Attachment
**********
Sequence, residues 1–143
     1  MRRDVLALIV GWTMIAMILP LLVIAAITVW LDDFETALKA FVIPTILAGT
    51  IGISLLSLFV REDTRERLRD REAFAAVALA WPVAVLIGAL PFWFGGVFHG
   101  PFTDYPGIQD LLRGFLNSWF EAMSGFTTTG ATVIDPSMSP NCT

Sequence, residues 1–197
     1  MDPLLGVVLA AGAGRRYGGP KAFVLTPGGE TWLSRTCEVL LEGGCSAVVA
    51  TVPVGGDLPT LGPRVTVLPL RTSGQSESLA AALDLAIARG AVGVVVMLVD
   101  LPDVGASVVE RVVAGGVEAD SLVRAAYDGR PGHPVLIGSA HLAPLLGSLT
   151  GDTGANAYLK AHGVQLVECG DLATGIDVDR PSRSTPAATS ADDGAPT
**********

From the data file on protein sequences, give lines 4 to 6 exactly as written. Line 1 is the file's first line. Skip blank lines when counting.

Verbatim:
   101  PFTDYPGIQD LLRGFLNSWF EAMSGFTTTG ATVIDPSMSP NCT

Sequence, residues 1–197
     1  MDPLLGVVLA AGAGRRYGGP KAFVLTPGGE TWLSRTCEVL LEGGCSAVVA